More foliage poems. This time, haiku. As a teacher, I used this form to introduce students to the power and use of metaphor and to ease them into writing poetry. But now, I love the simplicity of it for my own writing, when a glimpse of something moves me or a stray thought comes and bangs around in my head. Many poets use haiku as a warm-up exercise for a day of writing. I don’t write on any schedule, so for me, it’s just another form that fits certain subjects.
This one came after a rainy walk:
Gold leaves of Autumn
Face down on wet, black asphalt.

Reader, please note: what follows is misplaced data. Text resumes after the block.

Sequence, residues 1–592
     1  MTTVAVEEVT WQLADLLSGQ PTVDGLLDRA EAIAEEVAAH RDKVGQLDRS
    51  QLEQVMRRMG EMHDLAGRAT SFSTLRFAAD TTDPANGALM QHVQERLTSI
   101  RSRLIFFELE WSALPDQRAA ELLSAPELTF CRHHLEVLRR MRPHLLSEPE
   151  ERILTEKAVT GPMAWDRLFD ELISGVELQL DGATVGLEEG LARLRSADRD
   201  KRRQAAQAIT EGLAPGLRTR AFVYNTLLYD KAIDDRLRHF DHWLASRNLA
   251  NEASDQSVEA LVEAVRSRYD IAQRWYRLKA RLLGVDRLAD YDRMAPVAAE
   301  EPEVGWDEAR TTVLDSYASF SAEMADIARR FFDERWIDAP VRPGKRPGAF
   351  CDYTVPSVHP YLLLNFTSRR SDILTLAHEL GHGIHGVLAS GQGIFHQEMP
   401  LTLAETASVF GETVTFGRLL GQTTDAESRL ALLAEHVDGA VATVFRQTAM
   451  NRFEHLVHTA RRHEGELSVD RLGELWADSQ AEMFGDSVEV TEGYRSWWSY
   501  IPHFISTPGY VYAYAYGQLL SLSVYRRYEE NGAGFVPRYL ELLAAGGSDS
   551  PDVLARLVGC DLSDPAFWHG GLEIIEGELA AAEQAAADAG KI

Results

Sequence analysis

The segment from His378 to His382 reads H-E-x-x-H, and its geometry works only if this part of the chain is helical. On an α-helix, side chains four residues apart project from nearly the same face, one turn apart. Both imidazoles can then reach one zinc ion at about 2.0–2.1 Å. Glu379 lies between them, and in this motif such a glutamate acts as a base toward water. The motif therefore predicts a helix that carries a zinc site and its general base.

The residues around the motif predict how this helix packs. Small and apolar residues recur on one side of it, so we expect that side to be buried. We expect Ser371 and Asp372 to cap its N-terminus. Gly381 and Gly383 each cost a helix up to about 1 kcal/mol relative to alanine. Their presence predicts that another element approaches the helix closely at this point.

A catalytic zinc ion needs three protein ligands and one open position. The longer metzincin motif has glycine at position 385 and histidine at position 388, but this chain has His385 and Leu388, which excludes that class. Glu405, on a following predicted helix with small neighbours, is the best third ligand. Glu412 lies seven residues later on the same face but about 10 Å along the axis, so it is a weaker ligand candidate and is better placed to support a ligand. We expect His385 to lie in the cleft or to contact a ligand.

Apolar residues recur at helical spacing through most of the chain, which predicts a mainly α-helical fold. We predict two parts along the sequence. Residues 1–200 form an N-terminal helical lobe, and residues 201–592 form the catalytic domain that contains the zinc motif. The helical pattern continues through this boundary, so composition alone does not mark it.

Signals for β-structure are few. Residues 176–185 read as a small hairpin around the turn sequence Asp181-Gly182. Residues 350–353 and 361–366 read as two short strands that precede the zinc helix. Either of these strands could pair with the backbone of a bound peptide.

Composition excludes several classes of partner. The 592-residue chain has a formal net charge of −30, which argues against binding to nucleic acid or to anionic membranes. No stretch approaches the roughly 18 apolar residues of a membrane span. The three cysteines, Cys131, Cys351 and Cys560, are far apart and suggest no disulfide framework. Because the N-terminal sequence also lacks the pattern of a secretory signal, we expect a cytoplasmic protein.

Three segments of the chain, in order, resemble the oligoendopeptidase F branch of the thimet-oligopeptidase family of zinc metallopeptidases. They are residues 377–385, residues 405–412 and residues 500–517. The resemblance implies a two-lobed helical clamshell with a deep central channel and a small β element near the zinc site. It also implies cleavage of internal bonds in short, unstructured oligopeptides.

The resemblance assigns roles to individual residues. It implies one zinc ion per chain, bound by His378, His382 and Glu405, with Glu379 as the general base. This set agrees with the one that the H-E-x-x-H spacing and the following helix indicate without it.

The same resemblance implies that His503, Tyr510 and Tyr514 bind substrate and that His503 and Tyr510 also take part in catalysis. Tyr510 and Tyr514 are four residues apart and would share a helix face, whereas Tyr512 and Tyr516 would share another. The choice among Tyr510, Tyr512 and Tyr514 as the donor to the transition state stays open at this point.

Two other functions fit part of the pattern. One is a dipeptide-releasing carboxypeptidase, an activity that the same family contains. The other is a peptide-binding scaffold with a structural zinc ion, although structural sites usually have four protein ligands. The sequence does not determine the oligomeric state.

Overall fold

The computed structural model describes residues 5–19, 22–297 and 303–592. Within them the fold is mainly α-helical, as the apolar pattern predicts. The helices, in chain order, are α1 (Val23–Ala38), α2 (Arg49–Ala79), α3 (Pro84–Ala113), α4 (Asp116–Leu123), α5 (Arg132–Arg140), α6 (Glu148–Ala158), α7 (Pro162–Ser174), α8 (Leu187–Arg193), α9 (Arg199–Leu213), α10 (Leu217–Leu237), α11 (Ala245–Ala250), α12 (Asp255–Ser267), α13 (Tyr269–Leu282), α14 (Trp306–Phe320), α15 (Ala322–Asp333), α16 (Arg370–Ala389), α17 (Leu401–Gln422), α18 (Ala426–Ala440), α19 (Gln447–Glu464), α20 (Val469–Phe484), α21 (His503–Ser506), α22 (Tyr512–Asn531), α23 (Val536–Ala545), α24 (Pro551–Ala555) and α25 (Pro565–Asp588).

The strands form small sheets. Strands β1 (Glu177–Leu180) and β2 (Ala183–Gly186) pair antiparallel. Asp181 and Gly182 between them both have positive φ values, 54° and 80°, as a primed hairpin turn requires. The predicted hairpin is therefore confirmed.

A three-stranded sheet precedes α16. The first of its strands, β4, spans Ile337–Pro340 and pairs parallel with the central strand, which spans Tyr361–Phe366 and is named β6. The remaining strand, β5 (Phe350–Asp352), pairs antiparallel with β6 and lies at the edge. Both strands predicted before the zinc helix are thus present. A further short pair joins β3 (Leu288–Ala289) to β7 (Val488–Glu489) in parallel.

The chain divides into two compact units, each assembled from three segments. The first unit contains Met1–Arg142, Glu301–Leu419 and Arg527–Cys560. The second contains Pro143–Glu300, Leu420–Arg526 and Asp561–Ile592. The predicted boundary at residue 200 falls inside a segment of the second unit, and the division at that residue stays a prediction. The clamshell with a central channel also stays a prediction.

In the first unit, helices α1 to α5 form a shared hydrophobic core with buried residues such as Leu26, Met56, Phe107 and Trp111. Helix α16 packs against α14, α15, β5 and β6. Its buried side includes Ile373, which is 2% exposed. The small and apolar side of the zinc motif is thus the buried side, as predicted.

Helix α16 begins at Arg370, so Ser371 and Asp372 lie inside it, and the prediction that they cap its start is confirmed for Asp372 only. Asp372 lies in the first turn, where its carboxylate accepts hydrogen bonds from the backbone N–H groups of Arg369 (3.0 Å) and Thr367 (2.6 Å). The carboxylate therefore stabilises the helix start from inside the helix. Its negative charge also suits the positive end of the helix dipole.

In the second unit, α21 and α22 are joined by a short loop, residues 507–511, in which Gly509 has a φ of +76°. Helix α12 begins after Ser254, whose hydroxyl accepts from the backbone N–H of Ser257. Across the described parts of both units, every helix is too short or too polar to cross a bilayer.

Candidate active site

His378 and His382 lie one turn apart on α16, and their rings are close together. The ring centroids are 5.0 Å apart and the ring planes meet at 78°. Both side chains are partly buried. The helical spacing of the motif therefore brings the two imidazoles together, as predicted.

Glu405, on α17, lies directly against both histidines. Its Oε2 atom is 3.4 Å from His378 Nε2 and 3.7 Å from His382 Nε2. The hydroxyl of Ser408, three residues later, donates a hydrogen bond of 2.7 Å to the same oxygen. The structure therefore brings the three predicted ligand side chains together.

Such a fall from grace.
And this one, after 9/11:
Leaves fall one by one,
In pairs, threes. Windblown flurries.
Some hold hands and jump.
About Nancy K. Carpenter
After 25 years in Texas, I've returned to Upstate New York to start a new life. In this journey, I've had to turn to my pen to make a living, as both a writer and teacher. One of my biggest challenges has been to catch up with the changes in technology that passed me by while I was raising my sons, riding horses, and raising hay on a farm outside Dallas. A writer, poet, teacher, and tutor, I have had to give up "fighting Gutenberg," as I used to say, and come to terms with the internet-- Macs, PCs, eBooks, iPads, and the world of cyberspace. These are my musings about life and the road that led me to this blog--my latest attempt to join the 21st Century.
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